The medicine we’re working on now is quillivant. It’s a long acting form of Ritalin. I think that’s the medicine you were referring to?
 
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ChrisV

ChrisV

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The medicine we’re working on now is quillivant. It’s a long acting form of Ritalin. I think that’s the medicine you were referring to?
Yea, methylphenydate.

If you want to get real fancy you can get a genetic test done which will tell you exctly which medications or combincations eill work perfectly.

I spoke about that approach here.

I love how open you are and that you actually go with the recommendations of the medical community rather than the peanut gallery who think they understand this.
 

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Here, I'll reply to this here just to show I'm not being a dick.

First - there's no meth in Adderall. There's amphetamine in adderall, but not methamphetamine. This is different because it doesn't hit the brain as fast and create as much euphoria. That being said, Adderall isn't the best solution for low motivation, in my opinion. It releases dopamine in a depleting way.

That being said - the link between catecholamines like dopamine and norepinephrine and motivation is causal. The initial study linked may have been correlational, but there are tons of experimental studies on this. For instance, if you selectively destroy dopamines in rodents they lose all motivation to do anything. They won't eat, they won't drink and need to be artificially nourished. In humans if you prescribe dopamine blockers such as seroquel or abilify, the same happens. An almost complete loss in motivation, depending on the dose. If you breed rodents with certain dopamine-lacking genes, they'll refuse to exercise, while other rodents with the same genes (aside from the hypodopamenergic ones) will run on their stupid wheel for infinity days.

Furthermore dopamine projects to the prefrontal cortex, which is the seat of willpower. Damage to the prefrontal cortex (physical or chemical) leads to an almost complete destruction of willpower. The most famous case is Phineas Gage.

That said, chemicals are a two way street; thinking affects chemicals; chemicals affect thinking. But there are a bunch of genotypes that cause people to have lower levels of reward chemicals.
Those findings do indicate a causal link, unlike the article you linked. I'm glad we agree. You have shown that you were quote not just being a dick, ha ha.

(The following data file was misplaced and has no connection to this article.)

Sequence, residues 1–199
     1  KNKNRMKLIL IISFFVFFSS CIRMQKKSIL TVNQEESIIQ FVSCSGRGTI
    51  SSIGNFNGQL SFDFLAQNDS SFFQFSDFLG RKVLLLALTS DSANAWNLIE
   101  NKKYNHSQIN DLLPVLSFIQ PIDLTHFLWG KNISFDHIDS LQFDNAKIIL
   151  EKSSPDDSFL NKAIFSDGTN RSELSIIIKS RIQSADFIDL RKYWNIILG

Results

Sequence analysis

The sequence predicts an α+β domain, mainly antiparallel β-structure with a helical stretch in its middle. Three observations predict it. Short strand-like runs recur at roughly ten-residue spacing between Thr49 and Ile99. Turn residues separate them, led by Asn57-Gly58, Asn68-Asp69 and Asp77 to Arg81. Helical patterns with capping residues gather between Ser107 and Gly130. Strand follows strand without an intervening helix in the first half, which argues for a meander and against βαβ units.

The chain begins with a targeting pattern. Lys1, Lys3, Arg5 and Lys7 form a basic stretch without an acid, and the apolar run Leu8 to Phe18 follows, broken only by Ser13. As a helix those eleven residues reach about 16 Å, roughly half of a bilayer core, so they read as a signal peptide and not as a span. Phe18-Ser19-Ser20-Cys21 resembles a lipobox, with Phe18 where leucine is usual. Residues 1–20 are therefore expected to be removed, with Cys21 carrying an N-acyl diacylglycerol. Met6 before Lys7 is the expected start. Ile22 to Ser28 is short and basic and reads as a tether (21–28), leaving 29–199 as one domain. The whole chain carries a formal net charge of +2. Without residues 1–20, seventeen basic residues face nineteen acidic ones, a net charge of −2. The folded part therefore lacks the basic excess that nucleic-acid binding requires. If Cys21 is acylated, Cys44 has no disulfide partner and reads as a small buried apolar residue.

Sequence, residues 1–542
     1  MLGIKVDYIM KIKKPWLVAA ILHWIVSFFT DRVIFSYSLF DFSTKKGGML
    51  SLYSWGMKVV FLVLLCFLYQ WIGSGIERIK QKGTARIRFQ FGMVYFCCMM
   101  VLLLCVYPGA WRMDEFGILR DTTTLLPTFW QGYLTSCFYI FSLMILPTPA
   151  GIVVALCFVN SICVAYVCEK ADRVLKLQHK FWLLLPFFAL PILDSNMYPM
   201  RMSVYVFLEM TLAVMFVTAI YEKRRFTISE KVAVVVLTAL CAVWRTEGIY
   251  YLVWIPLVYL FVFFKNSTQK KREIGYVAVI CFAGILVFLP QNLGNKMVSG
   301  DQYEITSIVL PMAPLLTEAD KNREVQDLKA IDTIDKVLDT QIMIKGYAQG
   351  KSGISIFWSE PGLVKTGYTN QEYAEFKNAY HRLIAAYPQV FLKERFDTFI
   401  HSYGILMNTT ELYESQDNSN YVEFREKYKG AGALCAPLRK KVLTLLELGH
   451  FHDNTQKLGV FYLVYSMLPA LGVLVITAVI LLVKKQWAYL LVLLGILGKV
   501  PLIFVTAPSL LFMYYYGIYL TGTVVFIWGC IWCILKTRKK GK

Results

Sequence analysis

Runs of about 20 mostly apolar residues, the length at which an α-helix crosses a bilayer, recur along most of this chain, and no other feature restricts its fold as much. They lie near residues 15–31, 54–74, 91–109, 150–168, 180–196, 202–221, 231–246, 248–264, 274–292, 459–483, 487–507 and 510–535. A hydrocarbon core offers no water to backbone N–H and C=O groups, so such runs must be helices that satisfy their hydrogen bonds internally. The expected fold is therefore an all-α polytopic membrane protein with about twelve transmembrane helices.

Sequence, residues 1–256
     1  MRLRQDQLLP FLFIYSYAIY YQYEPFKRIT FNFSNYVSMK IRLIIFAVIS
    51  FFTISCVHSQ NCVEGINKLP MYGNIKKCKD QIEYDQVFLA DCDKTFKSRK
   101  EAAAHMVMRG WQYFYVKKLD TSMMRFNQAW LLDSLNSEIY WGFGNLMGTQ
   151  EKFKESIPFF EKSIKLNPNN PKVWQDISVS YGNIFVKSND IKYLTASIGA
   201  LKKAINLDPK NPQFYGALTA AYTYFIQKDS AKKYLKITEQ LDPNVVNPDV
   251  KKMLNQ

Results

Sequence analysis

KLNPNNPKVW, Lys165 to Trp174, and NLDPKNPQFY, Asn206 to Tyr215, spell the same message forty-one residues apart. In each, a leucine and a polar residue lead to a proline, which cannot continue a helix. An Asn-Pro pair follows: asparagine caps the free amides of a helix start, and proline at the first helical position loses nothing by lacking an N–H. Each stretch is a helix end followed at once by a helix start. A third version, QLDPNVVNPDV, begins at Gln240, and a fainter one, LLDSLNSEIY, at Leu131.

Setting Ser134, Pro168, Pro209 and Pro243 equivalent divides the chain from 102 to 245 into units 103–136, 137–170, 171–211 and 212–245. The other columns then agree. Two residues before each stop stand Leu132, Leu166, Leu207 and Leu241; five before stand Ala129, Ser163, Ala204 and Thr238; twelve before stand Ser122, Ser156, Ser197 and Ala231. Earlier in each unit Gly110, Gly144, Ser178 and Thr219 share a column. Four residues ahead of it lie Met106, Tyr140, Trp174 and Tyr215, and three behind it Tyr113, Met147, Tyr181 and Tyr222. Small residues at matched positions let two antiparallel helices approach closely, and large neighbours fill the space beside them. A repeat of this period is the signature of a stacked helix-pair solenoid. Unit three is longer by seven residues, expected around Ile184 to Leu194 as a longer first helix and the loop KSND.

Now what would be interesting is to see studies that explore it the other way! What happens to dopamine when you display motivated behaviour!
 

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Action is emotions and emotions are like water in a vase (your body). If it sits there too long things get moldy and will turn out terribly. You have to be like a river. Constantly moving and bringing in fresh nutrients constantly. Making life feel new. This is the difference. If your feeling stuck literally jump up and down furiously. Sing your brains out in public. Do SOMETHING. That’ll kick start your a$$.
 
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ChrisV

ChrisV

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Those findings do indicate a causal link, unlike the article you linked. I'm glad we agree. You have shown that you were quote not just being a dick, ha ha.

Now what would be interesting is to see studies that explore it the other way! What happens to dopamine when you display motivated behaviour!
it's released; but releasing it can deplete it for later use.
 

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Amazing thread, I loved reading every bit of it, thank you.

This thread reminds me of a book that I meant to read and was related to diet and mood, but I forgot about it (the one time I don't write it down). All I remember is that it had "Mood" in the title, and it was suggested in this forum, so maybe someone can help me out.
 

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Amazing thread, I loved reading every bit of it, thank you.

This thread reminds me of a book that I meant to read and was related to diet and mood, but I forgot about it (the one time I don't write it down). All I remember is that it had "Mood" in the title, and it was suggested in this forum, so maybe someone can help me out.
Was it the mood cure? I read that one several years ago. There have been loads of updated books released since though.